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Using Drive-Test Solutions
Neighbor set Active set
PN 300 PN 312 PN 480
Section 1: Section 2: Section 3:
Introduction Network optimization overview CDMA concepts for understanding drive-test measurements Phone-based drive-test measurements Receiver-based drive-test measurements Conclusion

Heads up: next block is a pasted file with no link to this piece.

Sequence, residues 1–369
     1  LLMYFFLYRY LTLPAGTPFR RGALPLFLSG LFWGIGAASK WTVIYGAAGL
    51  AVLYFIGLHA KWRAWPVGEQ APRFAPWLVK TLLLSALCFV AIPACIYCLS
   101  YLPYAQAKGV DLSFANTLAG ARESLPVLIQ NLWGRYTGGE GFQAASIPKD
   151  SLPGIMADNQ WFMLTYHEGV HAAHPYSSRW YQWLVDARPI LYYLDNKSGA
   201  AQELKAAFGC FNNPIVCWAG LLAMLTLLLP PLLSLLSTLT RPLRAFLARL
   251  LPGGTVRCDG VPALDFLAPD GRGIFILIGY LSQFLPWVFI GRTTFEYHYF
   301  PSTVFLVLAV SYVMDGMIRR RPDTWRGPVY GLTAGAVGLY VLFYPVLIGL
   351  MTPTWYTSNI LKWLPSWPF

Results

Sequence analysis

Refer to the end of this document for more references on drive-testing applications and product-specific information from Agilent Technologies. Drive-test solutions are used for collecting measurement data over a CDMA air interface. This application note provides an overview of how drivetest tools can help optimize your CDMA-based cellular and PCS networks. wireless service providers must maintain the highest quality of service throughout their networks. Who should read this application note? This application note is for engineers and technicians in RF engineering or network performance departments who are responsible for drive-testing and optimizing CDMA networks. These tools allow you to turn-up networks faster. and engineering consultants. Drive-testing remains an essential part of the network life cycle. Companies that include such positions include wireless service providers (or operators). reduce optimization time and improve network quality of service. as an effective means for continually optimizing network performance to maintain customer satisfaction and reduce subscriber churn. Drive-test tools include both those required for collecting data as it relates to a user’s location and those that are used to post-process the collected data for final analysis. 2 . network equipment manufacturers of base station infrastructure and/or mobile handsets. The optimum solution combines network-independent RF measurements using a digital receiver with traditional phone-based measurements.Section 1: Introduction The growth and expansion of cellular and PCS networks continues at a rapid pace throughout the world. phone. To retain existing customers and attract new customers. PC. A typical collection system includes a digital RF receiver. GPS receiver and antennas.